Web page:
- This original Shaded Dog pressing boasts INCREDIBLE Shootout Winning Triple Plus (A+++) sound from start to finish
- It’s also fairly quiet at Mint Minus Minus, a grade that most of our classical records, even the mintiest ones, cannot match
- The Tubey Magical richness is off the charts on this copy – if you want to know what kind of sound wins shootouts around these parts, this pressing will show you
- The rich, textured sheen of the strings that Living Stereo made possible in the ’50s and early ’60s is clearly evident throughout these pieces, something that the Heavy Vinyl crowd will never experience, because that sound simply does not exist on modern records
- Marks in the vinyl are the nature of the beast with these early pressings – there simply is no way around them if the superior sound of vintage analog is important to you
This vintage Shaded Dog pressing has the kind of Tubey Magical Midrange that modern records can barely BEGIN to reproduce. Folks, that sound is gone and it sure isn’t showing signs of coming back. If you love hearing INTO a recording, actually being able to “see” the performers, and feeling as if you are sitting in the studio with the band, this is the record for you. It’s what vintage all analog recordings are known for — this sound.
If you exclusively play modern repressings of vintage recordings, I can say without fear of contradiction that you have never heard this kind of sound on vinyl. Old records have it — not often, and certainly not always — but maybe one out of a hundred new records do, and those are some pretty long odds.
What The Best Sides Of Music For Strings Have To Offer Is Not Hard To Hear
- The biggest, most immediate staging in the largest acoustic space
- The most Tubey Magic, without which you have almost nothing. CDs give you clean and clear. Only the best vintage vinyl pressings offer the kind of Tubey Magic that was on the tapes in 1963
- Tight, note-like, rich, full-bodied bass, with the correct amount of weight down low
- Natural tonality in the midrange — with all the instruments having the correct timbre
- Transparency and resolution, critical to hearing into the three-dimensional studio space
No doubt there’s more but we hope that should do for now. Playing the record is the only way to hear all of the qualities we discuss above, and playing the best pressings against a pile of other copies under rigorously controlled conditions is the only way to find a pressing that sounds as good as this one does.
What do we love about these Living Stereo Hot Stamper pressings? The timbre of every instrument is Hi-Fi in the best sense of the word. The instruments here are reproduced with remarkable fidelity. Now that’s what we at Better Records mean by “Hi-Fi”, not the kind of Audiophile Phony BS Sound that passes for Hi-Fidelity these days. There’s no boosted top, there’s no bloated bottom, there’s no sucked-out midrange. There’s no added digital reverb (Patricia Barber, Diana Krall, et al.). The microphones are not fifty feet away from the musicians (Water Lily) nor are they inches away (Three Blind Mice).
This is Hi-Fidelity for those who recognize The Real Thing when they hear it. I’m pretty sure our customers do, and whoever picks this one up is guaranteed to get a real kick out of it.
What We’re Listening For On Music For Strings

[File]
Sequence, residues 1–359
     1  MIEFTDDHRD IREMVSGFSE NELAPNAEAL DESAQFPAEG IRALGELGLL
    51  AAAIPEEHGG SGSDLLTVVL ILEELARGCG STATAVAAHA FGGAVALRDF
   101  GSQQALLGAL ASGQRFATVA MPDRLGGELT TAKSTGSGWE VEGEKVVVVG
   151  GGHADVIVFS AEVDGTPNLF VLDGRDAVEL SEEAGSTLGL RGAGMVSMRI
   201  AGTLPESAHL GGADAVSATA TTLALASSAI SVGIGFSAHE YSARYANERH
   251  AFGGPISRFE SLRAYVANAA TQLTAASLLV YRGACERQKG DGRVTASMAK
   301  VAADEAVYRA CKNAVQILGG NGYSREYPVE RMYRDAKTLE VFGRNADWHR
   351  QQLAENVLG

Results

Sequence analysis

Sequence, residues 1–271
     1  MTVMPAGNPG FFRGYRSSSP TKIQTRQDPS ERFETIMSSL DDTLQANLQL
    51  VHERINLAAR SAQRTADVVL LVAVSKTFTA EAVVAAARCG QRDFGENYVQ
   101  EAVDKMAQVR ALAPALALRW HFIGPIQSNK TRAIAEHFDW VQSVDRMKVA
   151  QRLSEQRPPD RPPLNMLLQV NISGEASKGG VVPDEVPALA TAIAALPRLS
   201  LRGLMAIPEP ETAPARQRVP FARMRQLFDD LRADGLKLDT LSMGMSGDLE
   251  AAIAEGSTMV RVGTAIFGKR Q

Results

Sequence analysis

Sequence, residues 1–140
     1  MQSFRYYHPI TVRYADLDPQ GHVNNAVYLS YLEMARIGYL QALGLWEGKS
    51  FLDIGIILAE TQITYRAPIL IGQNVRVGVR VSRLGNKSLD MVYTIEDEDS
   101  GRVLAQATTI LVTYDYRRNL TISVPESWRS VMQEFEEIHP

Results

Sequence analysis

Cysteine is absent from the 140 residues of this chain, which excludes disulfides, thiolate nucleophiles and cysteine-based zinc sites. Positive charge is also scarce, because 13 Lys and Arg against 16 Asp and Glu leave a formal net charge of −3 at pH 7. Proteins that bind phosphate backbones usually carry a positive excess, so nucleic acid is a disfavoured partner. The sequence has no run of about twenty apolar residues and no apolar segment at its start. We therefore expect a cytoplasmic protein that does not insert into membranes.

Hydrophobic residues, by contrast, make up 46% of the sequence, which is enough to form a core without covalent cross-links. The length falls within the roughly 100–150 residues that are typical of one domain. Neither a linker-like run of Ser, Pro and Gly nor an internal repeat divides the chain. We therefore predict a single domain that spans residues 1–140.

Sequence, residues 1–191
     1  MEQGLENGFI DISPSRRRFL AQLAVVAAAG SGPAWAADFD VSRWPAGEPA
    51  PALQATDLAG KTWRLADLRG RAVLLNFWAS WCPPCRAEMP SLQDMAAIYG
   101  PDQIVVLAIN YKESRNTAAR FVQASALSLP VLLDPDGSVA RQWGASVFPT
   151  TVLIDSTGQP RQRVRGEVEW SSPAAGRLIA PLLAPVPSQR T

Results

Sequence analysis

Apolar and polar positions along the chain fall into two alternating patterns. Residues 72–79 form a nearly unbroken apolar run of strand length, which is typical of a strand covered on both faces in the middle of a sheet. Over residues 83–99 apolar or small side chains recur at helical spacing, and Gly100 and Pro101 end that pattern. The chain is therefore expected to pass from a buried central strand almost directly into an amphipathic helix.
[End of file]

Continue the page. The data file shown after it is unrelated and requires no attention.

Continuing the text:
- Energy for starters. What could be more important than the life of the music?
- The Big Sound comes next — wall to wall, lots of depth, huge space, three-dimensionality, all that sort of thing.
- Then transient information — fast, clear, sharp attacks, not the smear and thickness so common to these LPs.
- Tight punchy bass — which ties in with good transient information, also the issue of frequency extension further down.
- Next: transparency — the quality that allows you to hear deep into the soundfield, showing you the space and air around all the instruments.
- Extend the top and bottom and voila, you have The Real Thing — an honest to goodness Hot Stamper.
Pièces En Concert
Air De Diable
Divertimento In D, K. 136
Concerto Grosso Op. 6, No 4 For Concertino And Orchestra
Antonio Janigro (21 January 1918 – 1 May 1989) was an Italian cellist and conductor.
Born in Milan, he began studying piano when he was six and cello when he was eight. Initially taught by Giovanni Berti, Janigro enrolled in the Verdi Conservatory of Milan, where he was instructed by Gilberto Crepax. By 1934 Janigro was studying under Diran Alexanian and Pablo Casals at the École Normale in Paris. He graduated from the school in 1934 and began performing solo and in recitals with Dinu Lipatti, Paul Badura-Skoda and Alfredo Rossi.
An unfortunately timed vacation in Yugoslavia left Janigro stranded in that country for the duration of World War II. He became a professor of cello and chamber music at the Zagreb Conservatory, where his influence developed modern cello playing in Yugoslavia. He also performed as part of the Maček-Šulek-Janigro Trio. At war’s end Janigro travelled throughout South America and the Far East as a soloist. In 1949, he started his career as a conductor. In 1959, he was Fritz Reiner’s soloist, along with Milton Preves and John Weicher, in a renowned Chicago Symphony Orchestra recording of Strauss’s Don Quixote.
An extraordinarily gifted teacher, Janigro educated many cellists around the world. Most of them studied at the Staatliche Hochschule für Musik und Darstellende Kunst Stuttgart and the Mozarteum Salzburg. Among his students were Julius Berger, Mario Brunello, Thomas Demenga, Michael Flaksman , Michael Groß, Antonio Meneses, Andrej Petrac, Mario de Secondi, Giovanni Sollima, Gustavo Tavares, Enrico Dindo and Christoph Theinert.
Janigro was a highly regarded conductor who led a symphony orchestra for Radio Zagreb and guest-conducted throughout Europe. The chamber orchestra I Solisti di Zagreb was created by Janigro and Dragutin Hrdjok in 1954 and was led by Janigro until he left the ensemble in 1968.